A colorful, sometimes-coarse remembrance of addiction and recovery.

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HELTER SHELTER

A LUNATIC SEARCHING FOR ASYLUM

In this memoir, Smart (Hell Camp, 2013) discusses working at a shelter for troubled teens while also dealing with personal troubles of her own.

For 12 years, the South African author has worked as a supervisor at a county youth shelter in Southern California, taking care of teens who are feuding with their parents or have nowhere else to go. The pay is poor and the work is grueling, she writes, as she deals with the myriad physical, mental, and emotional issues that afflict her wards. Smart has remained there, year in and year out, despite—or perhaps because of—the tremendous problems in her personal life, recounted here: her tumultuous relationship with her teenage daughter; her frustrated dream of being a singer; her on-again, off-again affair with an emotionally troubled member of the Church of Jesus Christ of Latter-day Saints; and, most of all, her nearly crippling drinking problem: “I hate my life,” she once thought, after an out-of-control night. “I can’t function anymore….It’s not that I want to kill myself, it’s just that I no longer want to be alive.” As the author tried to help her teens figure out how to exist in the world, she had to figure out how to do so herself. Smart’s prose is energetic and candid throughout this book. It’s tinged with indelicate humor that some readers may occasionally find offensive, though. However, she’s always willing to call out what she sees as right or wrong in her line of work: “there are kids who benefit from Seroquel, or similar drugs, but I’d wager that a healthy diet and some proper parenting might do the trick, too….Seroquel is akin to a whack on the head with a sledgehammer.” Overall, this is a memoir that’s confessional but never myopic—one that shows how easily angels and demons can reside, side by side, inside us all.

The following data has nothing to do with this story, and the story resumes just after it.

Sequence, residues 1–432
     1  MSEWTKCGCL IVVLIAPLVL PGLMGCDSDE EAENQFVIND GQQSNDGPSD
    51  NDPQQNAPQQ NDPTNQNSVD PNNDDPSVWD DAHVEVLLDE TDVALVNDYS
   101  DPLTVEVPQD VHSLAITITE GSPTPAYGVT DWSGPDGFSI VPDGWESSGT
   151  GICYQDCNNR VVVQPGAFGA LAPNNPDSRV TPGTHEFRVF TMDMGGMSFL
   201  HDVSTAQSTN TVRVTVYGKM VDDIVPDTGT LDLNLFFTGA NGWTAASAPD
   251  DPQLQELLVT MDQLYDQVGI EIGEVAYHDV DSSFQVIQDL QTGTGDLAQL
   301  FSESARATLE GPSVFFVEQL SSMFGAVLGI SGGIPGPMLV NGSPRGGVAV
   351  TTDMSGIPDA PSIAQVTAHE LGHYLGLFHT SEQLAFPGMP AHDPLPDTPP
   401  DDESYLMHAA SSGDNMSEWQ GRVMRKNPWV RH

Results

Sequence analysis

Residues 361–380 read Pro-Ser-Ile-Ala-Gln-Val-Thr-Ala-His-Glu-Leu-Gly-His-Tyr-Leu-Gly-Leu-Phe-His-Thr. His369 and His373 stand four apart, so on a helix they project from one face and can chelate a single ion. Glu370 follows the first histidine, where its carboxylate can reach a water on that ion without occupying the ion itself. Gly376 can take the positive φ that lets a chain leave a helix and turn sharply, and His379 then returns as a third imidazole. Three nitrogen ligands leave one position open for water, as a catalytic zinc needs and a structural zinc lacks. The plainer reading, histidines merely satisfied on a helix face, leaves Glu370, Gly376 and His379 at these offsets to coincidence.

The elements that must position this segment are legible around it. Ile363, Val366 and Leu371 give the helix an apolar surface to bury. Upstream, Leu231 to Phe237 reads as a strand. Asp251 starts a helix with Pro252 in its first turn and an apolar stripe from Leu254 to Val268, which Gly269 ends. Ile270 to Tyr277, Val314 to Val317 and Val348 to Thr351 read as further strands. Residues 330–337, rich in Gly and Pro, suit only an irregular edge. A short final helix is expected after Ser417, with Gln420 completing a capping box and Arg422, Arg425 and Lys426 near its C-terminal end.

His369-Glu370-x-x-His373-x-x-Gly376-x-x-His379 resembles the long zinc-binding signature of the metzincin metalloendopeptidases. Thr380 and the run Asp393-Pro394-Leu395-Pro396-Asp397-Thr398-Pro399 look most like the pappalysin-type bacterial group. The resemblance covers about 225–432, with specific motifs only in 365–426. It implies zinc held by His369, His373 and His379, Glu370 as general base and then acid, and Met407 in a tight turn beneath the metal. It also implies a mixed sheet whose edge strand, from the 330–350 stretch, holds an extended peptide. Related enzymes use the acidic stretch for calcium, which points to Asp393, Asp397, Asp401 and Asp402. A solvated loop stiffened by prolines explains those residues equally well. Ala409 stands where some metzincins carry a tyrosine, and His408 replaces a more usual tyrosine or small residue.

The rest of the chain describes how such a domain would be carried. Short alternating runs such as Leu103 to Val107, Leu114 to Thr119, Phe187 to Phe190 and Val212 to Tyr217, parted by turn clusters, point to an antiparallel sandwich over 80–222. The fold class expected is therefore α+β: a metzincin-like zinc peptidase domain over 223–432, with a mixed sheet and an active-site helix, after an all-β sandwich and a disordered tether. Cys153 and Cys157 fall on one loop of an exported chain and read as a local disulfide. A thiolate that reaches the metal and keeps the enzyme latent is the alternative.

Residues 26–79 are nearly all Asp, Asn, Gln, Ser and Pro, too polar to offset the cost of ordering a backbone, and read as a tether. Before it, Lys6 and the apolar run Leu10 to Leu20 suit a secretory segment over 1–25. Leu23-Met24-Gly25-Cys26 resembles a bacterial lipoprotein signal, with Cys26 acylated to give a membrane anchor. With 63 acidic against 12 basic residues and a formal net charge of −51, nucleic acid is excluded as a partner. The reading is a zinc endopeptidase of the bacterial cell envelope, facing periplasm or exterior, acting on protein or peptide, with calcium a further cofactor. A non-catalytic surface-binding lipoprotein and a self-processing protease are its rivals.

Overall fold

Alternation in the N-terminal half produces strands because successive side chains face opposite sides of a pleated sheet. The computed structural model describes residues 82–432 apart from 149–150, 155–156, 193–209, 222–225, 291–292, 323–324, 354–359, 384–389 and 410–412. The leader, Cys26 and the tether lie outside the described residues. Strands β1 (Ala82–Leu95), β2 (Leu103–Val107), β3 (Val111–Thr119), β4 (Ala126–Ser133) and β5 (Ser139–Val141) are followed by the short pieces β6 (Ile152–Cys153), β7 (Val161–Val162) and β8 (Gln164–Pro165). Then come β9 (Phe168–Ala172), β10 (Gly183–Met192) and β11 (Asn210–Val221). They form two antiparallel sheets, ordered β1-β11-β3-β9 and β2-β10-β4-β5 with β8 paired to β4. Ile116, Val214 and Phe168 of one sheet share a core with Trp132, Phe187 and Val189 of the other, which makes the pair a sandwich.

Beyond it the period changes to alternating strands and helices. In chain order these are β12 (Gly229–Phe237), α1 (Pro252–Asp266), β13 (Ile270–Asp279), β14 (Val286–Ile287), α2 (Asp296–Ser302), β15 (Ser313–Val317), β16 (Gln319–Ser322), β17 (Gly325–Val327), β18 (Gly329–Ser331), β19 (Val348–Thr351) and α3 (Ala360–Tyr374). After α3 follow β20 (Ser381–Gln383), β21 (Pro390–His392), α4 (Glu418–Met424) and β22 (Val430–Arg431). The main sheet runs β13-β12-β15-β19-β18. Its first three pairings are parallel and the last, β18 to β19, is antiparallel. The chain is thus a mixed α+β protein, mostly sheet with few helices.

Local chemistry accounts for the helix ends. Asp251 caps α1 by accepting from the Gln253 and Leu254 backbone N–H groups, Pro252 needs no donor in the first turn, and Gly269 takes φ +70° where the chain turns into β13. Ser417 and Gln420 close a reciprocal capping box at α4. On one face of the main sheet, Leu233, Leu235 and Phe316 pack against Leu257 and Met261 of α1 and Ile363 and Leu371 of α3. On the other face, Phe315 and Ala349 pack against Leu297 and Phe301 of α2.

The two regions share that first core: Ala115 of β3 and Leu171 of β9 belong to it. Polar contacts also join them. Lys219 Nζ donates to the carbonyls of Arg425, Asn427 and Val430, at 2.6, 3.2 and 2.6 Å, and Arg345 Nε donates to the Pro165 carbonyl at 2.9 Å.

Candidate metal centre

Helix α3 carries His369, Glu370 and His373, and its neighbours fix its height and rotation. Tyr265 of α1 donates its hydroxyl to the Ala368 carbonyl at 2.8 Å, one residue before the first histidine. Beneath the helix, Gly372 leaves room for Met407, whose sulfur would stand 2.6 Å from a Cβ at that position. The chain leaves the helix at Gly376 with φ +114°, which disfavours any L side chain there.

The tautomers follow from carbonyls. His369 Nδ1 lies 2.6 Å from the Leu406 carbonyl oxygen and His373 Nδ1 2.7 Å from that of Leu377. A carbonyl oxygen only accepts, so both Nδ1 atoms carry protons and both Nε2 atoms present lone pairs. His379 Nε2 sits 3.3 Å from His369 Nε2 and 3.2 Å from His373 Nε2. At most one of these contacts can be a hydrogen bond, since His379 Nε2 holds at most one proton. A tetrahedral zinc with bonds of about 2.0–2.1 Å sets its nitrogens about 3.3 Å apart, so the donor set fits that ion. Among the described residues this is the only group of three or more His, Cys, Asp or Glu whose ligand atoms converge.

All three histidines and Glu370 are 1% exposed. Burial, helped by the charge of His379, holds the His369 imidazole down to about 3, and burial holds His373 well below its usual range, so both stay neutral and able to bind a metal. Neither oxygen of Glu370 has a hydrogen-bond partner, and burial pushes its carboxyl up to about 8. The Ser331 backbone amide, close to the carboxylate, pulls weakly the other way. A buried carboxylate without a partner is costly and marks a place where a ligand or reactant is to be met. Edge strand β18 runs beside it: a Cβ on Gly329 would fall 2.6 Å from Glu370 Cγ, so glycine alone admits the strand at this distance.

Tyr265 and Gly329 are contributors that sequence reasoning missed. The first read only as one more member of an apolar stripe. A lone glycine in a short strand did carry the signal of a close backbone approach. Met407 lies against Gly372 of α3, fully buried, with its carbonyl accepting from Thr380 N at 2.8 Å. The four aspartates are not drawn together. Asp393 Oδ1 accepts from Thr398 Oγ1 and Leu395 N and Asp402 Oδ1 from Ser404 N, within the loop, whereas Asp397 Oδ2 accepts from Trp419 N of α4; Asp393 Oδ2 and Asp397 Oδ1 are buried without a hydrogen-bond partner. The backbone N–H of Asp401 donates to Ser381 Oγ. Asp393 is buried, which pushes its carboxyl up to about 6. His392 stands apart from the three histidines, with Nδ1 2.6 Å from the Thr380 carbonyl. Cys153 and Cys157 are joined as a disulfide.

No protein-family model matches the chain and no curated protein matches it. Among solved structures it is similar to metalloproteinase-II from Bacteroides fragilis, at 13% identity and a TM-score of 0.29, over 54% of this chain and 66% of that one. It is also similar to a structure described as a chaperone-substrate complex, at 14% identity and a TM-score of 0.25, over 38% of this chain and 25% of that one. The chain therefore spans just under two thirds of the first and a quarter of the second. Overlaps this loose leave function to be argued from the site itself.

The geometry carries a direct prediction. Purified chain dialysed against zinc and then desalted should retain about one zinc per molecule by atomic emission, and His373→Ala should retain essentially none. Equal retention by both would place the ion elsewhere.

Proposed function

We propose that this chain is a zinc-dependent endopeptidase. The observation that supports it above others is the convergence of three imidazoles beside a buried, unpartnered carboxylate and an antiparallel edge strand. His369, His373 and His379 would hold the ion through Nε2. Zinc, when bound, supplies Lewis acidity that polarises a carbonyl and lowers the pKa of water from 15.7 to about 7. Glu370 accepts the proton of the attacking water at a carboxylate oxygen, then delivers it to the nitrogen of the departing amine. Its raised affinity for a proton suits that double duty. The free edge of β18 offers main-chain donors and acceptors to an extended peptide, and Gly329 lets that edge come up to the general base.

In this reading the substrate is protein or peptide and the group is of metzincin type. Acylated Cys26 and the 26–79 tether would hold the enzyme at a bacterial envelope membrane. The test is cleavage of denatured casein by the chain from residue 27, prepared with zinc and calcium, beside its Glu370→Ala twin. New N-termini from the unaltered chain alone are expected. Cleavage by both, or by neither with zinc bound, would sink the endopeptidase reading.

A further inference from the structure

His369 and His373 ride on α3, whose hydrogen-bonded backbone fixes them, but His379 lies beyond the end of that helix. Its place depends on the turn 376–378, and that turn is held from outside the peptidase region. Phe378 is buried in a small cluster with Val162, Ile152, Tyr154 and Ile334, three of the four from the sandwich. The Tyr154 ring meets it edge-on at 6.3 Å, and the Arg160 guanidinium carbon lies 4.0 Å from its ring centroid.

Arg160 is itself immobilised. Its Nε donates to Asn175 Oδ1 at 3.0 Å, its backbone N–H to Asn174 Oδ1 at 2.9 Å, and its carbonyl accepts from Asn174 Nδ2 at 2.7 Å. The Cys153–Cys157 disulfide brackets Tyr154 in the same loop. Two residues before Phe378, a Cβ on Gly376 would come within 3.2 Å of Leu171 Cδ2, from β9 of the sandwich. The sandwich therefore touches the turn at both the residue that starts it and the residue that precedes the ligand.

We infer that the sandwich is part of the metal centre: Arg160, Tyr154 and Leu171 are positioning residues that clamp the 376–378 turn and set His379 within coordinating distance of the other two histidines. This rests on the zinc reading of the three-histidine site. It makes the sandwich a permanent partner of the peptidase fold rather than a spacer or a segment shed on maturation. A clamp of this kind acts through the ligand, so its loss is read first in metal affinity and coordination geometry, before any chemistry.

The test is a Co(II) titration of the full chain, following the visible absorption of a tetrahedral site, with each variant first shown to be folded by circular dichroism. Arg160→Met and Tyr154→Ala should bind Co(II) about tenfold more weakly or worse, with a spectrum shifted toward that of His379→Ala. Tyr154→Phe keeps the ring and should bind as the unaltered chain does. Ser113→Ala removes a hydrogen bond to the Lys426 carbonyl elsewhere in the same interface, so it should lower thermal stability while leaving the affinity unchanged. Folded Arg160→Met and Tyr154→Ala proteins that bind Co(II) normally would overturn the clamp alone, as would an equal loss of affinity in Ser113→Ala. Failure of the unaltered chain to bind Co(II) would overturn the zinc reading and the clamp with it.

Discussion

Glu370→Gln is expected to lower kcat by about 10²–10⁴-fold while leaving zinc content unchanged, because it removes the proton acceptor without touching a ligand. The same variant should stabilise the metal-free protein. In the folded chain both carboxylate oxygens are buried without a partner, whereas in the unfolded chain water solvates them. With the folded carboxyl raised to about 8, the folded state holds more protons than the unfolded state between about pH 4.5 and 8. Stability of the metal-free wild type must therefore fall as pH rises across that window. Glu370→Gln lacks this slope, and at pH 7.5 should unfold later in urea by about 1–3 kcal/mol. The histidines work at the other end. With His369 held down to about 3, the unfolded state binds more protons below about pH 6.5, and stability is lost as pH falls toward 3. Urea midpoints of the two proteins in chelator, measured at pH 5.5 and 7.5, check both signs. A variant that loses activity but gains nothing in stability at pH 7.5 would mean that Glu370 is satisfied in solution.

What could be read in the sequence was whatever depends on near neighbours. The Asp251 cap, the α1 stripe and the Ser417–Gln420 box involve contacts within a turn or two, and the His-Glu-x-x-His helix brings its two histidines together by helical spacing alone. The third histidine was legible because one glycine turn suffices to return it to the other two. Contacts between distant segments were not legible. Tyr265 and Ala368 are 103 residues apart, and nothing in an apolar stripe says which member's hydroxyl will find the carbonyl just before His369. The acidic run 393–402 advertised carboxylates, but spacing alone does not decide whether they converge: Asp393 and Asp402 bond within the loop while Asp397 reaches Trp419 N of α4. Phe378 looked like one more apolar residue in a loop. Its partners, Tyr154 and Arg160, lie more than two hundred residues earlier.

A colorful, sometimes-coarse remembrance of addiction and recovery.

Pub Date: N/A

ISBN: 978-0-9856166-2-5

Page Count: 225

Publisher: iMay Productions

Review Posted Online: Dec. 4, 2018

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MOMOFUKU MILK BAR

With this detailed, versatile cookbook, readers can finally make Momofuku Milk Bar’s inventive, decadent desserts at home, or see what they’ve been missing.